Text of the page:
Table 3

Parasite clearance parameters by treatment arm

CharacteristicsAS + SPAL
Total size (analyzed size for T1/2)24 (19)21 (16)
Parasite clearance half-life, T1/2 (hour)*
 Median1.71.9
 IQR1.3–2.21.5–2.5
Negative parasitemia at hour 24, % (n/N)73.9 (17/23)65.0 (13/20)
Day 2 positive parasitemia, % (n/N)0.0 (0/23)0.0 (0/20)
Day 3 positive parasitemia, % (n/N)0.0 (0/23)0.0 (0/20)
ACPR, % (n/N)100 (23/23)100 (20/20)

ACPR = adequate clinical and parasitological response; AL = artemether + lumefantrine; AS + SP = artesunate + sulfadoxine–pyrimethamine; IQR = inter-quartile range. AS + SP vs. AL regarding negative parasitemia at hour 24, P = 0.53 (Pearson's χ2 test).

Those results are given by Worldwide Antimalarial Resistance Network's online parasite clearance estimator.

Figure 4.
Figure 4.

Distribution of parasite clearance half-life by treatment arms. AL = artemether + lumefantrine; AS + SP = artesunate + sulfadoxine–pyrimethamine; T1/2 = parasite clearance half-life. AS + SP vs. AL, P = 0.24 (Mann–Whitney test). Results of both parasite clearance estimation methods were similar, r = 0.73 and P = 0.001.

Citation: The American Society of Tropical Medicine and Hygiene 94, 3; 10.4269/ajtmh.15-0503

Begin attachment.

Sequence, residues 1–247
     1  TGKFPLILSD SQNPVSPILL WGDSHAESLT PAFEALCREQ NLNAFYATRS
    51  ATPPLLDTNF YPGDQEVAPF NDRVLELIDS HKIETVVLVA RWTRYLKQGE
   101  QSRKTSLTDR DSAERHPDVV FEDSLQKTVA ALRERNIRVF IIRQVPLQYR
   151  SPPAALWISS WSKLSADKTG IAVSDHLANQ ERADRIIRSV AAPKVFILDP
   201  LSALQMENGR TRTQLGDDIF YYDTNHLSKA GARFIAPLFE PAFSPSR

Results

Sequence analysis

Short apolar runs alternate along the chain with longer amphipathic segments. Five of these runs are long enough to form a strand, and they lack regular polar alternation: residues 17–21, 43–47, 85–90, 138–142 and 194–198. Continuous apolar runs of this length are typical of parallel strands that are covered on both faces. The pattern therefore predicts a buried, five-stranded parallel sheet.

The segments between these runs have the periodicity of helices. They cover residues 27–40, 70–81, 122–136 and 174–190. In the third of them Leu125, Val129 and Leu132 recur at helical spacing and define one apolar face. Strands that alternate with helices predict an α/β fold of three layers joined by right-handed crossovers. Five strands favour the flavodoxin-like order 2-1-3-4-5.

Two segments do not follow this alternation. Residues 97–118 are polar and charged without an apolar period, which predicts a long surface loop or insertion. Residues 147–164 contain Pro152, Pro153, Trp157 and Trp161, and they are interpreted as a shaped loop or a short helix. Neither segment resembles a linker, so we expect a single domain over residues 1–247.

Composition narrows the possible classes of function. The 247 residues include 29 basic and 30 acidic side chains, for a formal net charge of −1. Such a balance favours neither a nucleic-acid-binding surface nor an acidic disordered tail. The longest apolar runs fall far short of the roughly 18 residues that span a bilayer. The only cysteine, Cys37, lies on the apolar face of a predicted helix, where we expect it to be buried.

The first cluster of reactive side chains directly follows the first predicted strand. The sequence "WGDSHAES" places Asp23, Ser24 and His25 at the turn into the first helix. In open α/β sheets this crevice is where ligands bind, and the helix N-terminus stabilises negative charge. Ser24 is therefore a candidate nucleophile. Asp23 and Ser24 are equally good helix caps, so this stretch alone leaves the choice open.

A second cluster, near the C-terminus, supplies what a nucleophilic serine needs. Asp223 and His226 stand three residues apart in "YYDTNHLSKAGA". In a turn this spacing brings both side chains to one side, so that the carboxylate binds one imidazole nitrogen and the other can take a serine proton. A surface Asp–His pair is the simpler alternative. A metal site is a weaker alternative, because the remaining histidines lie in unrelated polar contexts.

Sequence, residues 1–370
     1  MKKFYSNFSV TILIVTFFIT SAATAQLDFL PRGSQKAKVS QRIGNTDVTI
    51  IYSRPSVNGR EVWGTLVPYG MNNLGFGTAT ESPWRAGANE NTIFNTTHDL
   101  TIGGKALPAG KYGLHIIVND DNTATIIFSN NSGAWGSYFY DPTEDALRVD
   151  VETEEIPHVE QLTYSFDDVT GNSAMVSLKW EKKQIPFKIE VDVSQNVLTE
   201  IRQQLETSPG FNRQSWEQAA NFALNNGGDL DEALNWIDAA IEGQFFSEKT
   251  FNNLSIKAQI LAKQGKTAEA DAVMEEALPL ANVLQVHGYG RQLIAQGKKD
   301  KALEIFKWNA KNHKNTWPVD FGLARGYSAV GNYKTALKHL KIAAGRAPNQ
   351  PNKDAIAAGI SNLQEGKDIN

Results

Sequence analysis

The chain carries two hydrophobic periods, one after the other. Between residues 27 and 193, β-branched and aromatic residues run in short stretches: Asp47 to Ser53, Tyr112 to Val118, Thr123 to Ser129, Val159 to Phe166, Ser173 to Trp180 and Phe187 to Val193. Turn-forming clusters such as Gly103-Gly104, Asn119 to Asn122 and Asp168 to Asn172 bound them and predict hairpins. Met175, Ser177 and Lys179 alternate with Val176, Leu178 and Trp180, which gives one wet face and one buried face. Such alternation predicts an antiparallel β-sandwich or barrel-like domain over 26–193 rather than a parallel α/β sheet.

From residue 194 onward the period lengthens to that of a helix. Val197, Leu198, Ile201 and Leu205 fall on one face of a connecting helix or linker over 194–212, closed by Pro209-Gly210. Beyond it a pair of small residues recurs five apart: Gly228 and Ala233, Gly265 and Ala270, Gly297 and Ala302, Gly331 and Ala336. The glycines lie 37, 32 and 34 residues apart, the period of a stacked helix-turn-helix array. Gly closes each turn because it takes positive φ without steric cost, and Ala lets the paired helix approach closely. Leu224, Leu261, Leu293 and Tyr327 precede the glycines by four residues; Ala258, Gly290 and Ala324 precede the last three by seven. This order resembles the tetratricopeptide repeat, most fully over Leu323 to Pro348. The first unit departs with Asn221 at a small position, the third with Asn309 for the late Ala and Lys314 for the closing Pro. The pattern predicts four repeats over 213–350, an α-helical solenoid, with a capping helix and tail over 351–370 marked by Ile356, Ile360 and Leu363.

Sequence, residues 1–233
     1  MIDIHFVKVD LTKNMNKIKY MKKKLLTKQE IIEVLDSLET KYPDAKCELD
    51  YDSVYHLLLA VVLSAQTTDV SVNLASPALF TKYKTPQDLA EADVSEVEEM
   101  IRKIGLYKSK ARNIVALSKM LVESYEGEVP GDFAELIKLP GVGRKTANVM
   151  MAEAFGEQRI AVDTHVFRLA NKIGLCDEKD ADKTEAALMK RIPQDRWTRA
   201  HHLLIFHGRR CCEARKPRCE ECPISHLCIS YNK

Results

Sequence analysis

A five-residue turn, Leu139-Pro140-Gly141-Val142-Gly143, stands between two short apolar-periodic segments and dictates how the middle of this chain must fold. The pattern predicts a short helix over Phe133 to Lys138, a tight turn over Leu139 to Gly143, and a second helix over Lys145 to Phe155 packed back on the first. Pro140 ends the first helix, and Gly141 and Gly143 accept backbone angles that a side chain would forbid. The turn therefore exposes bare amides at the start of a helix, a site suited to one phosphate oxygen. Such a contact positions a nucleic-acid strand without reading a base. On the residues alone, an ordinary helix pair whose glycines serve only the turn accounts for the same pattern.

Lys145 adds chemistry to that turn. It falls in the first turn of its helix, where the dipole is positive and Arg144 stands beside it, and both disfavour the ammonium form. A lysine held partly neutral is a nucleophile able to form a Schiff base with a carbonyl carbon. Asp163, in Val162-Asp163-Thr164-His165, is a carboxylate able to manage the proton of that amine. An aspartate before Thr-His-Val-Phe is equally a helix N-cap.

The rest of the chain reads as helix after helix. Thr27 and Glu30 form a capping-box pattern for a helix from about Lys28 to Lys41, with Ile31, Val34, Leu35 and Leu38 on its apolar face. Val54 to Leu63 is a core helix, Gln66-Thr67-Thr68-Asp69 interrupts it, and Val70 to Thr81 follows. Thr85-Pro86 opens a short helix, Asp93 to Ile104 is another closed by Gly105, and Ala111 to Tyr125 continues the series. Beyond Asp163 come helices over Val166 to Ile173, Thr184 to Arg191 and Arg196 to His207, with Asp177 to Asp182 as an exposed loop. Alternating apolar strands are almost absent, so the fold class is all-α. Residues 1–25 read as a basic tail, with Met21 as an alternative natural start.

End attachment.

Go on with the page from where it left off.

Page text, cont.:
Figure 5.
Figure 5.

Distribution of parasite clearance half-live by age ranges < 5 years vs. ≥ 5 years, P = 0.70 (Mann–Whitney test). T1/2 = parasite clearance half-life. Results of both parasite clearance estimation methods were similar, r = 0.73 and P = 0.001.

Citation: The American Society of Tropical Medicine and Hygiene 94, 3; 10.4269/ajtmh.15-0503

Discussion

AL and AS + AQ have been used as first-line treatments for malaria in Mali since 2006, whereas AS + SP has been widely used in the main hospitals and many secondary health-care centers of the country as part of Chinese and Malian governments' efforts to control malaria. This study sought to provide evidence of the efficacy of the later regimen in the treatment of uncomplicated malaria as the partner drug is used in intermittent preventive treatment in pregnant women (IPTp) and seasonal malaria chemoprevention (SMC) in children in Africa.2326 We evaluated efficacy of the combinations AL and AS + SP in children aged 6 months and older and adults living in a malaria-endemic area in Mali. We showed that AS + SP is as efficacious as the first-line treatment ACT with a high cure rate. In addition to high ACPR, other parameters such as parasite clearance time were comparable between the two regimens.

Our findings are in line with results from previous studies that showed that ACTs had a high cure rate and short parasite clearance time in malaria-endemic areas in Mali.2732 Although we did not observe a statistically significant difference in terms of reinfection rate between the two arms of treatment when the entire population was used, children under 8 years of age in the AL group were more likely to experience reinfection than children of the same age in the AS + SP group. This observation could be explained by the fact that volunteers were followed during 28 days instead of 42 days or it could be due to differences in the intensity of transmission between the study sites.